The Action: Dibiase keeps backing off, and when he does get close he makes mistakes like ramming JYD to the buckle. JYD does not look good here by the way in terms of his motivation, and ability to move around the ring. Dibiase does gain control for a bit, which lasts until he comes off the 2nd rope and JYD gets the fist up. The crawling headbutts follow, including one for Virgil, who then challenges him to come to the floor. JYD nails him and gives the money away to a lucky fan. As he goes to get back in, Dibiase goes for a slam, with JYD falling on top, but Dibiase rolls through and hooks the tights for the 3 count at 10:01.
The Verdict: I already talked about who was going up and who was going down, but this didnít do Dibiase too many favours, especially with the cheap ending. DUD
2/3 Falls Match: Spiros Arion & The Yukon Lumberjacks vs. Tony Garea, Dino Bravo, & Andre the Giant (August 28, 1978, Madison Square Garden, New York, NY)
The Setup: They go into the archives for a match thatís before my time, so I donít really know. The Lumberjacks were the WWWF Tag Team Champions at the time.
The Action: Garea works the entire first fall for his team, holding his own until getting caught in the corner for the triple team which results in a fast and super weak DQ at 2:53. The second fall sees Bravo control the ring much like Garea did. He then makes the tag to Andre who hits Pierre with a big boot and big splash for the pin at 6:14 to win 2-0.
The Verdict: This wasnít bad or anything, but there also wasnít much to it. Ĺ*
Hercules (w/Bobby Heenan) vs. Paul Orndorff (w/Oliver Humperdink) (October 6, 1987, The Mecca, Milwaukee, WI)
The Setup: Orndorff had recently left the Heenan Family, specifically over an issue with Rick Rude over who had the better body. Here Heenan sends a different family member after him though.
The Action: Hercules gets right on him and they work a good pace to start until it slows down with a bearhug. Orndorff fires out, takes a shot at Heenan, and hits the piledriver, but Rick Rude runs in for the DQ at 6:24 to further that issue.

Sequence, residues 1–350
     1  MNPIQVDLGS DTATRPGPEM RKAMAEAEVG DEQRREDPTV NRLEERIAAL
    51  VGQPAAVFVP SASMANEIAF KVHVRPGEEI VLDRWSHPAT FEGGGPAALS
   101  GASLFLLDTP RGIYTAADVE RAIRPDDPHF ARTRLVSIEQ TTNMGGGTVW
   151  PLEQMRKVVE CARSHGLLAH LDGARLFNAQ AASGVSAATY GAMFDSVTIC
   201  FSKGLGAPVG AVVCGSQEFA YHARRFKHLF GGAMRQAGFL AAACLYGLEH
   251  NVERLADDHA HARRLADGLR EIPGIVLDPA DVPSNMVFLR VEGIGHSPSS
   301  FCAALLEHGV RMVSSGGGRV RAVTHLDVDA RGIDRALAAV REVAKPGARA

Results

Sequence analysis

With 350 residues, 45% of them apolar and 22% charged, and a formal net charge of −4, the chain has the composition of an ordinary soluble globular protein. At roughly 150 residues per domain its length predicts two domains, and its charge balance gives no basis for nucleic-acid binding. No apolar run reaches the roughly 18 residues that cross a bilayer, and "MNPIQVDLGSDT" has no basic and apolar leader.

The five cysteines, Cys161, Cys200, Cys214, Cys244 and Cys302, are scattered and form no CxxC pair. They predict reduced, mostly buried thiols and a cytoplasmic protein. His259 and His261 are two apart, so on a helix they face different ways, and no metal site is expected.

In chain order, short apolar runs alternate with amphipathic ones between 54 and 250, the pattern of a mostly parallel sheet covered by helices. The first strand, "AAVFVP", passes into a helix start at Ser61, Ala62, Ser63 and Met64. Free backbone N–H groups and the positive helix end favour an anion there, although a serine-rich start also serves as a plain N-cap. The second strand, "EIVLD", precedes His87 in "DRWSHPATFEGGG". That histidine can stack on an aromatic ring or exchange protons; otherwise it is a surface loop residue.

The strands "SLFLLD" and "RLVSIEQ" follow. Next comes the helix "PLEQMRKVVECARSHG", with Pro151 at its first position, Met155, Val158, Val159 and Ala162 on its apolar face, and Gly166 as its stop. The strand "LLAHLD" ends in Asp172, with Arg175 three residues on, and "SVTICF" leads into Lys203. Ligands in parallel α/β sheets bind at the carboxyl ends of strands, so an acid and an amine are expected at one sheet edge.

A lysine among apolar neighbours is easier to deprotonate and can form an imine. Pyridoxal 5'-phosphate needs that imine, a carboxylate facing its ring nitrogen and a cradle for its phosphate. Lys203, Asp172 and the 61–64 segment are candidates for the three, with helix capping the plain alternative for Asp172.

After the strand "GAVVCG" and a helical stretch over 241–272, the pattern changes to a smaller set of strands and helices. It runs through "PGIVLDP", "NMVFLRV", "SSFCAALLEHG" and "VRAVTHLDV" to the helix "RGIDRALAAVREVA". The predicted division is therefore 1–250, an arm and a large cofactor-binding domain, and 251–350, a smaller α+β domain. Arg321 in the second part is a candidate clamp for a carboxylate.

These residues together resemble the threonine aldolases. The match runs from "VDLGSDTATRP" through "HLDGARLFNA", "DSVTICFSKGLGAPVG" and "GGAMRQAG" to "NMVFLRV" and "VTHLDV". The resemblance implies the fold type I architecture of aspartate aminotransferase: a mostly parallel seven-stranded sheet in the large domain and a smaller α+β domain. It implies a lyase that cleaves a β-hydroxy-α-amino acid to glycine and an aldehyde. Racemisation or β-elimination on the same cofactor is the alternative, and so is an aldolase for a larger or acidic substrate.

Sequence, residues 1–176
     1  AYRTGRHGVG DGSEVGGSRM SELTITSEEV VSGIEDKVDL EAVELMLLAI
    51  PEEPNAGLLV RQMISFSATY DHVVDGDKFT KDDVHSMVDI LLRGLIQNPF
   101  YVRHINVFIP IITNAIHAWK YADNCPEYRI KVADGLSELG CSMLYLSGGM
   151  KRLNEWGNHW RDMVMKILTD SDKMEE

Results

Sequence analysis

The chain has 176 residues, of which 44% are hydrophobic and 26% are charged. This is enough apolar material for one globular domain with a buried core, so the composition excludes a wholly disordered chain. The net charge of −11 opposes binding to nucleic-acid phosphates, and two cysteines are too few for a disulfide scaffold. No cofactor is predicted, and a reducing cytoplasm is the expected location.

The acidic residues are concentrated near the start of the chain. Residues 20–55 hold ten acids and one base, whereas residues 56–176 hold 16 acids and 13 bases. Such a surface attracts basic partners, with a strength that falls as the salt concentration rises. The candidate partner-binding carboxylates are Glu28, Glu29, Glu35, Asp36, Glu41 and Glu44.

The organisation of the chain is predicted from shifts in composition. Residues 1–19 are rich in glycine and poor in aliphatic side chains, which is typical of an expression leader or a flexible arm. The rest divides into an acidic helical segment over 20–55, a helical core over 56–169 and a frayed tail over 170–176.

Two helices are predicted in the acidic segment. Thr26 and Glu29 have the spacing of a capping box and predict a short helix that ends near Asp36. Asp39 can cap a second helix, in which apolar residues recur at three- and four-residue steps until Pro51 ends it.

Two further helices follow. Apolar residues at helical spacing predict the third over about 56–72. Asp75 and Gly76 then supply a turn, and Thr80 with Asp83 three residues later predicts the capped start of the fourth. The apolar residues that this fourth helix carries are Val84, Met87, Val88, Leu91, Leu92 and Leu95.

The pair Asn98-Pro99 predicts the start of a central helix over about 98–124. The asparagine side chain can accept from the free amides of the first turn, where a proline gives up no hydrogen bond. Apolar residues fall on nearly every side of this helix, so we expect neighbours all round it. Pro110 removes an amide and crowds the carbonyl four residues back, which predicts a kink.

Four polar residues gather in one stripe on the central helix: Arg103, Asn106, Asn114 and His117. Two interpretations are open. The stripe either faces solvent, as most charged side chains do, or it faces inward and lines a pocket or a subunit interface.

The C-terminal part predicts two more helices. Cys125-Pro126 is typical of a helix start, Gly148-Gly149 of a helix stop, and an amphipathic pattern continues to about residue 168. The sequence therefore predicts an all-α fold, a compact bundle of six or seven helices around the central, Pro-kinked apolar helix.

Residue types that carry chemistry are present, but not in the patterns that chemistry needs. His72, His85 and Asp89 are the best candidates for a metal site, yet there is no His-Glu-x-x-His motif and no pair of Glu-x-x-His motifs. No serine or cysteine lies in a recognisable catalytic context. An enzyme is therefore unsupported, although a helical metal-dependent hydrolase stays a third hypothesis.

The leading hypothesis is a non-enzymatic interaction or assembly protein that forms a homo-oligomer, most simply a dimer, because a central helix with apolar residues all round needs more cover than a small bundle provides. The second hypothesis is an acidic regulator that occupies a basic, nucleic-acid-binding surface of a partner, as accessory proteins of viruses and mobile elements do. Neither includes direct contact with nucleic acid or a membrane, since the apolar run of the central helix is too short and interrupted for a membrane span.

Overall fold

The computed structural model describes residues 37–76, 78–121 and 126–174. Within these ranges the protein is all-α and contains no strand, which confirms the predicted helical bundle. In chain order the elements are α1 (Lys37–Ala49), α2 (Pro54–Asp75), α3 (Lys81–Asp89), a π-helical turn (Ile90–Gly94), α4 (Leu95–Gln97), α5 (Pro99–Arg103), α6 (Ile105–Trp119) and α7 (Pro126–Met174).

The Verdict: Obviously just a setup match for another issue, this wasnít that good on its own. Ĺ*
Bobby ďThe BrainĒ Heenan vs. Salvatore Bellomo (November 26, 1984, Madison Square Garden, New York, NY)
The Setup: Heenan had debuted only two months earlier as a manager, and I guess that they felt they needed to let us know heís also a wrestler. This would probably be the only singles match for Heenan in the WWF not played as a comedy deal.
The Action: Of course Heenan still plays the cowardly heel, much better than Danny Davis did earlier on the tape by the way. Heenan uses nothing more than eye rakes to take over, but it works. The finish sees Bellomo go for a sunset flip, but Heenan nails him and falls on top for the 3 count at 8:57.
The Verdict: It was interesting to see Heenan portrayed as a competent wrestler, but it wasnít great or anything. Ĺ*
Tito Santana vs. Killer Khan (June 7, 1987, Sam Houston Coliseum, Houston, TX)
The Setup: Khan was brought in and being built as an opponent for Hogan so he gets Santana as part of that.
The Action: Santana starts out on the leg until Khan bails to recover. Khan takes over doing pretty much nothing of note and then ends up crotching Santana on the top rope for the DQ at 9:33.
The Verdict: Bad match and a bad ending to the tape. DUD
Overall thoughts: Well, it started great with that six man, but then it fell off a cliff and delivered absolutely nothing else worth seeing. The action just wasnít there after the opener, and then to boot we had bad finish after bad finish. The one good match isnít so great that it saves the whole tape though, so itís a pretty easy Thumbs Down for Best of the WWF Volume 14.